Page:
Near the sea lies Castellammare, an old castle with defensive structures; on the site, there are also remains of a mosque and a Muslim cemetery. A short glance at the port showed us the local lifestyle: Lots of boats, wherever you looked! Palazzo Chiaramonte was...

    0 by Jan in Erasmus blog Palermo, 4 days ago
  • Blog

    Languages and Places

    The Cappella Palatina was decorated with lots of gold in Byzantine style with Christ as the ruler over everything (pantokrator). The meeting of Latin, Greek and Arabic on this inscription is unique! After seeing the chapel, we visited some catacombs with 8,000 mummies...

    0 by Jan in Erasmus blog Palermo, 5 days ago
  • Blog

    Inside the Cathedral + Santa Caterina

    Approaching a gate of the cathedral, we could see the flowery motives from Arab tradition mixed with the geometric elements of European style. Inside the cathedral, we looked at the graves of Roger II., his daughter Constance of Sicily, married to Heinrich IV., and...

    0 by Jan in Erasmus blog Palermo, 10 days ago
  • Blog

    Palermo Archeological Museum: Wild Parties and Great Heroes

    After the sign explaining the ancient world of gods, this post will show you some actual archeological pieces such as these colourful vases. This one shows a wild party in process with a man bringing wine, a woman playing the aulos (double flute), another man drinking...

    0 by Jan in Erasmus blog Palermo, 10 days ago
  • Blog

    Palermo Museum: Introduction

    The entrance to the museum was like a green courtyard with palm trees and a fountain. The eagle statue on the wall represents the city and its power. Okay everybody, before my blog starts getting too heavy, let's start off with some turtles that we found in a fountain...

    0 by Jan in Erasmus blog Palermo, 10 days ago
  • Blog

    Palermo Outside

    The last interior motive from the churches at Palermo was this dog with a candle guiding us. And out we went into the shining blue sky! Here you can see the two churches La Martorana and San Cataldo next to each other in broad daylight. They are not really big, yet...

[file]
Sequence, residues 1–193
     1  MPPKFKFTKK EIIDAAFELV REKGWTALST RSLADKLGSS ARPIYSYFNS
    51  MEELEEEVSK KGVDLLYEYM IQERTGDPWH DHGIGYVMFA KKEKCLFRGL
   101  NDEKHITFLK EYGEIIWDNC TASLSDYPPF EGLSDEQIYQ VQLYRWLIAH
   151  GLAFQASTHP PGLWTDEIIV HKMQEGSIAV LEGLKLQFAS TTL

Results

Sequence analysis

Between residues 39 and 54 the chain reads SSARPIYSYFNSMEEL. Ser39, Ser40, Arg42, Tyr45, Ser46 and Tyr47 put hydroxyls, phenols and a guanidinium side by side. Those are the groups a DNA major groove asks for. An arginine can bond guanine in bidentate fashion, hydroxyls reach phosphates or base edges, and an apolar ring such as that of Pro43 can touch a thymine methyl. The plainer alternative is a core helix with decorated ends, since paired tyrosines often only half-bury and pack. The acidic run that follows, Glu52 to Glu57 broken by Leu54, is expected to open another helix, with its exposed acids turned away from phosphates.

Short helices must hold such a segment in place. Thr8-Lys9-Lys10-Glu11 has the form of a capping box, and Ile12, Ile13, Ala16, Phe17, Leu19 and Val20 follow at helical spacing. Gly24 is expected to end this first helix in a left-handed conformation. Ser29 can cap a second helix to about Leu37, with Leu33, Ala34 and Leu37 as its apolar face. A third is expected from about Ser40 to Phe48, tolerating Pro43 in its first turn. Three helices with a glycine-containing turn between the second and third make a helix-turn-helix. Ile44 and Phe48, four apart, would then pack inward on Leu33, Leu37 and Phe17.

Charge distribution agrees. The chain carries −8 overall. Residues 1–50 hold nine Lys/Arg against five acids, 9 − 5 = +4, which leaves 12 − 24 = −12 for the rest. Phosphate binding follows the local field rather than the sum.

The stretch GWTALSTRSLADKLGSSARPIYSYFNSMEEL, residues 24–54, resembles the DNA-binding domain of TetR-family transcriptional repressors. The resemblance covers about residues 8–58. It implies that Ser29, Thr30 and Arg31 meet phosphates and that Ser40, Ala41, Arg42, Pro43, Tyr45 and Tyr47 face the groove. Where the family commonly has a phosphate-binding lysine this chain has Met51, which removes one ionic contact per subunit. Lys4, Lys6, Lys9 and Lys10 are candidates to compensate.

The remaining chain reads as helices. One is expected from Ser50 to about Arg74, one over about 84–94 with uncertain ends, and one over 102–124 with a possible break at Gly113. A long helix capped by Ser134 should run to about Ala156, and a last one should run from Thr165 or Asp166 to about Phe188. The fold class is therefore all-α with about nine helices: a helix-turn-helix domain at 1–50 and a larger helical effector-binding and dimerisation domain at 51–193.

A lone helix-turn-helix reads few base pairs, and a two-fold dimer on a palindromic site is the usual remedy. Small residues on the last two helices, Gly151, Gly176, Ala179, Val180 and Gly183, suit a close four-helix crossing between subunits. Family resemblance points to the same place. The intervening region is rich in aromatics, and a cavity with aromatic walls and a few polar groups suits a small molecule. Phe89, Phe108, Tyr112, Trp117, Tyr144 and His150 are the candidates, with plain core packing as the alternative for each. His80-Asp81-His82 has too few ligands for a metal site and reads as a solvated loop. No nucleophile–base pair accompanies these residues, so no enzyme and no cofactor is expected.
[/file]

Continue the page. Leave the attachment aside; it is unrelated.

0 by Jan in Erasmus blog Palermo, 11 days ago
  • Blog

    Palermo's Churches

    Coming from the mighty cathedral, the castles, palaces and parks of Palermo, we continued with some interesting churches. You just can't evade churches in Italy! ;) The Arab-Norman church San Cataldo from the 12th century is one of the last built in Arab-Norman style...

    0 by Jan in Erasmus blog Palermo, 11 days ago
  • Blog

    Palermo Monuments

    Walking through Palermo to the beach, we saw this small medieval gate; near it, the remains of a mosque and a cemetery were in the soil. A small place with these trees made us relax for a bit, and the light shining through the branches was beautiful! The city park...

    0 by Jan in Erasmus blog Palermo, 12 days ago
  • Blog

    Palermo Cathedral

    One of the most surprising views in the streets of Palermo were the many palm trees along the way. You can even eat the fruits when they are brown! The Arab-Norman cathedral has foundations from the 6th century and has been a mosque and a library before, but the main...

    0 by Jan in Erasmus blog Palermo, 20 days ago
  • Blog

    Multicultural Palermo

    After the historical introduction, let's get started with the real tour! Our first day in Palermo started out with the Norman Duke's Palace which united cubic elements with oriental ornaments. In a similar fashion, the smaller building La Cuba (a leisure residence)...

    0 by Jan in Erasmus blog Palermo, 23 days ago
  • Blog

    Introduction: A Short History of Sicily

    Welcome to my new blog! Great to see you back here after following me through Greece! In order to understand the trip through Sicily, I thought it would be helpful to give you a short history of Sicily (especially Palermo) as an introduction because so much happened...

    0 by Jan in Erasmus blog Palermo, one month ago
  • Blog

    Eleusis

    Eleusis (today Elefsina, close to Athens) was an important cultic place as the secret rites of the fertility goddess Demeter took place here. The ruins of the temple are still impressive ... surely they were great! This relief on a sarcophagus depicts a wild hunt in...

    0 by Jan in Erasmus blog Greece, one month ago
  • Blog

    Corinth Museum

    Corinth has a very long and rich history ... its remains are to be found in a museum. Clay figures of goddesses show the precise working of the mantles: You can see the layers very well! Some more figurines bones used as dice and flutes complement the scenery. This...

    0 by Jan in Erasmus blog Corinth, one month ago